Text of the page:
Not many days ago, on October 18, we celebrated the feast of Saint Luke. The prayer for that day says that God chose the evangelist to reveal the mystery of his love for the poor. Actually, no gospel writer is more concerned than Luke for the poor and no one shows himself so severe with the rich. Just to give a couple of examples, in the chapters immediately prior to today’s gospel we find the parable of the Dives and Lazarus and the episode of the Rich Young Man; in both cases, it would seem that for the wealthy there is no possibility of salvation: Dives, once dead, goes to hell; the rich young man, when Jesus asks him to renounce all his goods and to follow him, becomes sad because of his reaches. And yet, even the wealthy can be saved. Last Sunday, seized as we were with admiration for the humility of the tax collector as opposed to the pride of the Pharisee, we did not realize that that tax collector was not poor, but rich; and yet he was saved. At the beginning of the gospel we find the call of Levi (or Matthew): he also was a tax collector; and yet Jesus chose him as one of his apostles. Very similar to the call of Levi is the incident narrated in today’s gospel. Zacchaeus was a chief tax collector. Luke points out that he was also a wealthy man. And even Zacchaeus is saved. So, salvation is not only for the poor, but for all. Jesus, at the beginning of his ministry, in the synagogue of Nazareth reads the passage from the prophet Isaiah: “The Spirit of the Lord is upon me, because he has anointed me to bring glad tiding to the poor” (Lk 4:18); but, when he calls Matthew, he adds: “Those who are healthy do not need a physician, but the sick do. I have not come to call the righteous to repentance but sinners” (Lk 5:31-32). And now Jesus says: “The Son of Man has come to seek and to save what was lost.” Jesus reinterprets his own mission in the light of the parable of the Lost Sheep: Jesus, like the Good Shepherd, leaves the ninety-nine sheep in the desert and goes after the lost one until he finds it.
It is exactly what happens with Zacchaeus. The initiative is taken by Jesus: it is he who turns to him and quite shamelessly invites himself to his house. The only thing required of Zacchaeus is to be open to Jesus, to receive him in his house. Admittedly, even before being called by Jesus, Zacchaeus “was seeking to see who Jesus was,” and that is why he climbed a sycamore tree. What was that interest? Maybe it was just curiosity; but it was enough for Jesus to approach him. To be sure, if Zacchaeus did not care about Jesus, he would stay at home, and Jesus most probably would not go to bother him.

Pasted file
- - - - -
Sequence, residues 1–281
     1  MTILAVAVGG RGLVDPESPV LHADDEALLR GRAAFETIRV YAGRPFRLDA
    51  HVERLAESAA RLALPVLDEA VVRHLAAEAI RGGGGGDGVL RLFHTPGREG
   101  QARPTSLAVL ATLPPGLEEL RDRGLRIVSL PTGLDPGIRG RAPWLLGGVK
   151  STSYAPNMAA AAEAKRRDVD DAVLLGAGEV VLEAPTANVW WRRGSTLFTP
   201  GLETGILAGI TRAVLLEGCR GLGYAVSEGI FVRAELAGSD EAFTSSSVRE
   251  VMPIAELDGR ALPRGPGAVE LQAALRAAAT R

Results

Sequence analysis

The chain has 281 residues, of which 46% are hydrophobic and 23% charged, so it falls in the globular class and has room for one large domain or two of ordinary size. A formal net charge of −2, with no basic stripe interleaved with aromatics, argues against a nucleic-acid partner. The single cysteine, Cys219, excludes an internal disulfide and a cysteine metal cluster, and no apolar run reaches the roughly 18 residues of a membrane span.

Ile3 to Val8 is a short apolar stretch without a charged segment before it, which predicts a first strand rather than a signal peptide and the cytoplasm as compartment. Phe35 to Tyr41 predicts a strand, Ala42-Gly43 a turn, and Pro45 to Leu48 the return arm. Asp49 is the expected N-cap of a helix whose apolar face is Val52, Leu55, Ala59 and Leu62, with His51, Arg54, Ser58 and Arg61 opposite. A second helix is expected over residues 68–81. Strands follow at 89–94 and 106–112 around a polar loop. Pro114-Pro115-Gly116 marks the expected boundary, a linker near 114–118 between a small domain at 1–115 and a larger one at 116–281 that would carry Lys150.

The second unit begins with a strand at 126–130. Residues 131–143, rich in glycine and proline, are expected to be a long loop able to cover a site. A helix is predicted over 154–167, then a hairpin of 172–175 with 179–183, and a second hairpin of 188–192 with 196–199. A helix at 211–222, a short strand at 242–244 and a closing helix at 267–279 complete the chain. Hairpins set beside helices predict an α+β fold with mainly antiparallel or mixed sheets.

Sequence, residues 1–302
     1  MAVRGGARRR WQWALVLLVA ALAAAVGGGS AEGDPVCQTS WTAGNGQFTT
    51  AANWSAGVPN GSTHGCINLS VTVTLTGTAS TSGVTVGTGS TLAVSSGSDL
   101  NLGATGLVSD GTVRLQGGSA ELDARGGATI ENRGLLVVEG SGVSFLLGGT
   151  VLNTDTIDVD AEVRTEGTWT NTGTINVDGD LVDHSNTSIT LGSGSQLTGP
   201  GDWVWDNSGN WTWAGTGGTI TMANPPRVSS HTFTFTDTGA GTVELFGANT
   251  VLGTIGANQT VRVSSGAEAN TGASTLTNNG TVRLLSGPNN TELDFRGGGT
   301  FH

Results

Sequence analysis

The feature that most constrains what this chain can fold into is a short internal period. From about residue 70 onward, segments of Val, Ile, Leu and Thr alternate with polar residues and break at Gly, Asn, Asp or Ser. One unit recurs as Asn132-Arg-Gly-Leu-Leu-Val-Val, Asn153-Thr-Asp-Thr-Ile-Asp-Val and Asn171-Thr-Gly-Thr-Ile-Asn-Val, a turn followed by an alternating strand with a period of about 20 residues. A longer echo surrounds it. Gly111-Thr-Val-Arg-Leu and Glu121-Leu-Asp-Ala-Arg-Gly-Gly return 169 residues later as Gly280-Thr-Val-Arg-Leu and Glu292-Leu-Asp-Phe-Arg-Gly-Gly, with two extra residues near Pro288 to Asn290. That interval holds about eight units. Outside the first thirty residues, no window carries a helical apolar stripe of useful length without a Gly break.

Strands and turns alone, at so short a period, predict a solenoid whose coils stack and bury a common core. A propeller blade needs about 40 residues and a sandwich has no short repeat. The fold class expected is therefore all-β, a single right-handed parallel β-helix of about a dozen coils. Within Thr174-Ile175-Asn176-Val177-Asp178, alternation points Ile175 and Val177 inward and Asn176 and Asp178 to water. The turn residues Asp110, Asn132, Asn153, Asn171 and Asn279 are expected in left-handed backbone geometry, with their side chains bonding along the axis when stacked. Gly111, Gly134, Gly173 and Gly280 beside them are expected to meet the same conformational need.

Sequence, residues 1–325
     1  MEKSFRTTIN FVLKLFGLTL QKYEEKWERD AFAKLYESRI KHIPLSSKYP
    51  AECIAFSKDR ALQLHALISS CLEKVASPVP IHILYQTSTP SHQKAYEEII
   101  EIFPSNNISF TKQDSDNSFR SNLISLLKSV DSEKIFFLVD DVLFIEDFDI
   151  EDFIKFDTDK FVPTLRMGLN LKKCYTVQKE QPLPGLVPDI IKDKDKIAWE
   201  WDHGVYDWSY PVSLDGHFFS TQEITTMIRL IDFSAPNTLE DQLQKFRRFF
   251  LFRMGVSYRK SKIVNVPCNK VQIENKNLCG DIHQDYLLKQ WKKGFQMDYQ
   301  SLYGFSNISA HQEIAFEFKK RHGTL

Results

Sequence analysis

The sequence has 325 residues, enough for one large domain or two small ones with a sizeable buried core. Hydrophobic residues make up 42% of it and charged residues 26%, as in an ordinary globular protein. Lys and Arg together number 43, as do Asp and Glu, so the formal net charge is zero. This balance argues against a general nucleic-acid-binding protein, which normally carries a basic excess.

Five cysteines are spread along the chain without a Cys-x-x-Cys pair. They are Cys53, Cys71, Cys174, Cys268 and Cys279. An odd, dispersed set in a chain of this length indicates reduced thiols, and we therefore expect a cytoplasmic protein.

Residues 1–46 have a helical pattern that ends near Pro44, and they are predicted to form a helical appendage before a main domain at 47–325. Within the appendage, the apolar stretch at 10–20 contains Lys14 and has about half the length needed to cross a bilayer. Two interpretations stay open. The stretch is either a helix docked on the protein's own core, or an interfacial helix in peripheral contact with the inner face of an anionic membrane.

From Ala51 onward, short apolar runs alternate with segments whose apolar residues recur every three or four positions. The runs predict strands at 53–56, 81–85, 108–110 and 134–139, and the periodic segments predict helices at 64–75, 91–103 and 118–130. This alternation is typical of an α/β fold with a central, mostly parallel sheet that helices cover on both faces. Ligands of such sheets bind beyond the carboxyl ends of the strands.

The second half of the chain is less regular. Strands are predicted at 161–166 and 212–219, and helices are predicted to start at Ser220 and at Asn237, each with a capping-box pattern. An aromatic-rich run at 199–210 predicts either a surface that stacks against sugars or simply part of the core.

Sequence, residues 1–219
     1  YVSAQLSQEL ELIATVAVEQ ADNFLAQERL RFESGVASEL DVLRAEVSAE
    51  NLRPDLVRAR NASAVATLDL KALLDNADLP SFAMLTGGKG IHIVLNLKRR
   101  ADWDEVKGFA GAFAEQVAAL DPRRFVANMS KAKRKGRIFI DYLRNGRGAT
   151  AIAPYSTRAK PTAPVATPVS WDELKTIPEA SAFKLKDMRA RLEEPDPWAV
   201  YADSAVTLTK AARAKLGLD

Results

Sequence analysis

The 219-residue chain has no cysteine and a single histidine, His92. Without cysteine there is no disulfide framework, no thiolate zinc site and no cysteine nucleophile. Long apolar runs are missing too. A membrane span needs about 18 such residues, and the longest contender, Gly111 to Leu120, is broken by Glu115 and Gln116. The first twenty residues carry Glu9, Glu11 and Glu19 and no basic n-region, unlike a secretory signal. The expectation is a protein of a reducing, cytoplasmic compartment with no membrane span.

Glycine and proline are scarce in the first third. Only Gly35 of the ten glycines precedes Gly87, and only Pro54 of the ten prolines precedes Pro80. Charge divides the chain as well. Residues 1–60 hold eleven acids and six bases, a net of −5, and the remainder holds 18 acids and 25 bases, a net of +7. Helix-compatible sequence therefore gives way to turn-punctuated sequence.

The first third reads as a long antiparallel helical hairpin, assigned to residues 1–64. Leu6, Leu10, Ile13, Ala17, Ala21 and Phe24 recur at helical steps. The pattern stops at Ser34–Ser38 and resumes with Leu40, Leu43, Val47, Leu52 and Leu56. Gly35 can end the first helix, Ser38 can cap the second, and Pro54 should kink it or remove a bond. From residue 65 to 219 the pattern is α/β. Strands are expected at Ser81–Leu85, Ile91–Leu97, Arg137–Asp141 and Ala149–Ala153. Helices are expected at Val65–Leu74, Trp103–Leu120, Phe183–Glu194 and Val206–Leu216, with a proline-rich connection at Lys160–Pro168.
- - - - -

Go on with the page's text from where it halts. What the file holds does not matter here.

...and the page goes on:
Once at Zacchaeus’ home, Jesus does not lecture his host. And yet Zacchaeus, of his own accord, decides to give the half of his possessions to the poor and to repay what he has extorted four times over. The presence of Jesus is enough for Zacchaeus to change his life. There is no need of words; he knows that his behavior is wrong; he knows what to do. Maybe he knew it even before meeting Jesus. The encounter with him resolved him to do what until then he had not been able to do.
After Zacchaeus expressed his resolution, Jesus emphasizes: “Today salvation has come to this house.” Jesus is not talking only of the transformation happened in Zacchaeus, but also of the cause of that metamorphosis. Jesus is speaking of himself: he is the salvation entered into that house. Where there is Jesus, there is salvation: it is enough to approach Jesus, to experience salvation. His presence alone is enough for us to feel the need to change our life. He wants to come to our house and stay with us: let us not forbid him! Let us allow him to enter our house; and we also shall experience his salvation.